MINING AND PETROLEUM GATEWAY PROCESS STAGE

 

The Gateway Process stage is an additional step in the planning process for ‘State Significant Development‘ mining and petroleum proposals on ‘Strategic Agricultural Land‘. At this stage a Gateway Panel will assess the impact of the proposal on land and water. At the end of this stage the Gateway Panel will issue a Gateway Certificate which might include recommendations which must be considered in a Development Application at the Pre-Production stage.

 

 

What is the Mining and Petroleum Gateway Process?
 

The Gateway Process is an extra stage of assessment which some mining and petroleum development proposals will need to pass through before a development application is able to be lodged for the proposal.

 

At this stage, a Gateway Panel will undertake a scientific assessment of the impacts of the proposed development on agricultural land and water.

 

Once it has completed its assessment the Gateway Panel must issue a Gateway Certificate with or without conditions.

 

When is the Mining and Petroleum Gateway Process triggered?
 

Not every mineral or petroleum development proposal will be required to pass through the Gateway Process stage.

 

Developments will need to pass through the Gateway Process where:

 

  • the proposed development is a State Significant Development; and 

  • the proposed development is on Strategic Agricultural Land; and

  • if the proposed development is at the mining or petroleum production stage:

    • it must extend beyond the existing mining or petroleum production lease area, or

    • be a new mining or petroleum production lease.

 

The proposed development is State Significant Development 

In some cases, mineral and petroleum proposals at the exploration stage will be classified as State Significant Development.

 

All coal mining and petroleum proposals at the production stage will be State Significant Development.

 

Associated infrastructure components such as pipelines are not State Significant Developments and will not require assessment through the Gateway Process.

 

Other mineral mining developments will qualify as State Significant Development if: 

 

  • the development is proposed in an environmentally sensitive area of state significance;

  • the proposed development has a capital investment of more than $30 million;

  • the Minister for Planning and Environment decides a proposed development should be considered a State Significant Development.  

 

The land subject of the proposal is Strategic Agricultural Land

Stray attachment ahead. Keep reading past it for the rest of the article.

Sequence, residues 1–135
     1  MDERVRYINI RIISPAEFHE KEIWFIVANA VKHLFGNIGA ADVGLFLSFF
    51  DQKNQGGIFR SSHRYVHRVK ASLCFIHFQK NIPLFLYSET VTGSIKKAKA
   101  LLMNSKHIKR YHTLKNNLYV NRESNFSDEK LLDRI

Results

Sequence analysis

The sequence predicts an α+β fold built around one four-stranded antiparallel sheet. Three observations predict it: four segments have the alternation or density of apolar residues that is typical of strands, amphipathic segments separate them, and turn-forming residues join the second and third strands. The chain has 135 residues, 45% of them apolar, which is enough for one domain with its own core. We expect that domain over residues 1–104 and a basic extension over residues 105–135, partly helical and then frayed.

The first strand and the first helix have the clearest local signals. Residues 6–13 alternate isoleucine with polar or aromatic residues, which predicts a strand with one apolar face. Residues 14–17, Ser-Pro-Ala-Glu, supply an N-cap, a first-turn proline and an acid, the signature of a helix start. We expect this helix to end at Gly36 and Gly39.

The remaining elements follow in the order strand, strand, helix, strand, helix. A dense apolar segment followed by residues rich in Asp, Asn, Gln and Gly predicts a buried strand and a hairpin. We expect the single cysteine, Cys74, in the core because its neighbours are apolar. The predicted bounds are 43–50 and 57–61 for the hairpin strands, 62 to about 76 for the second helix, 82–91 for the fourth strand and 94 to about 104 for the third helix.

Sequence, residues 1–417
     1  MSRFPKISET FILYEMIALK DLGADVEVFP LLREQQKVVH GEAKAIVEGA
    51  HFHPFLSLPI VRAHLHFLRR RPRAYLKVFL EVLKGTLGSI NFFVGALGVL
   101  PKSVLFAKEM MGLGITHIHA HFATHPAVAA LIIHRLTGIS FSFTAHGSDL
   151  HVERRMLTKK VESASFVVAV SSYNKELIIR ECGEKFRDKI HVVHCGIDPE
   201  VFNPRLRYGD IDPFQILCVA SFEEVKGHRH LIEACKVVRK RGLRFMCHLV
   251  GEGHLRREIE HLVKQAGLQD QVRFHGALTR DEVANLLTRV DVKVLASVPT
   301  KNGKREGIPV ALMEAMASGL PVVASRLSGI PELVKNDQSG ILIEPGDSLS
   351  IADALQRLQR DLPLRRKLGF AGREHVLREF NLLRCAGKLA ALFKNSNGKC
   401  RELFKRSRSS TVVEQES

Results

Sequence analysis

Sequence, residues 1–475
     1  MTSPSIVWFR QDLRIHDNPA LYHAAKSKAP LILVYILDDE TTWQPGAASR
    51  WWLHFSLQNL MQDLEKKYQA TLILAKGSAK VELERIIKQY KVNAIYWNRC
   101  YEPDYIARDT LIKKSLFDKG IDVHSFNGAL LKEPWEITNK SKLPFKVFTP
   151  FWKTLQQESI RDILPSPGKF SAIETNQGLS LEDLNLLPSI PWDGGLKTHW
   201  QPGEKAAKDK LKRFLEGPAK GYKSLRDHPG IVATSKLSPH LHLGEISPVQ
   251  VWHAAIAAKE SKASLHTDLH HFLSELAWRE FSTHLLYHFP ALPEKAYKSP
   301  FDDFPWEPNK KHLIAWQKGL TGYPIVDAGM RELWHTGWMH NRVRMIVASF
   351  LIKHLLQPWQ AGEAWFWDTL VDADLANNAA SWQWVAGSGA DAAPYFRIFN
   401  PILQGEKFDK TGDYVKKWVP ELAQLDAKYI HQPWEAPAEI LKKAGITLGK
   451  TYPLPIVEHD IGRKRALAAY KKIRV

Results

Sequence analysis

As well as being a State Significant Development, to be required to pass through the Gateway Process the land subject of the mining or petroleum proposal must be Strategic Agricultural Land.

 

There are two categories of Strategic Agricultural Land in NSW:

 

  • Biophysical Strategic Agricultural Land, and

  • Critical Industry Clusters.
     

For more information on Strategic Agricultural Land see the page:

Strategic Regional Land Use Policy

 

The Gateway Process will not be triggered by mining or petroleum expansions within an existing lease area. However, these proposals will still be subject to the usual development assessment process including an environmental impact assessment, agricultural impact statement and assessment against the Aquifer Interference Policy. 

 

Who will undertake the Mining and Petroleum Gateway assessment?

The Gateway Assessment will be undertaken by a Mining and Petroleum Gateway Panel.

 

The Mining and Petroleum Gateway Panel was established on 4 October 2013 under the State Environmental Planning Policy (Mining, Petroleum Production and Extractive Industries) 2007.

 

Three Mining and Petroleum Gateway Panel members will consider each application for a Gateway Certificate.[1]

 

Members of the Panel are appointed for a period of time determined by the Minister of Planning and operate subject to a charter, operational procedures and code of conduct, which can be viewed online.

 

For more information on the Mining and Petroleum Gateway Panel charter, operational procedures and code of conduct visit:

Mining and Petroleum Gateway Panel

 

Referral to the Independent Expert Scientific Committee

As part of its assessment, the Gateway Panel must refer any coal or coal seam gas proposal located on Biophysical Strategic Agricultural Land to the Independent Expert Scientific Committee on Coal Seam Gas and Large Coal Mining Development, established by the Federal Minister for the Environment.

 

The committee will provide advice regarding the impact of the proposed development on water resources.

 

For more information on the Independent Expert   Scientific Committee on Coal Seam Gas and Large Coal Mining see:

Independent Expert Scientific Committee on Coal Seam Gas and Large Coal Mining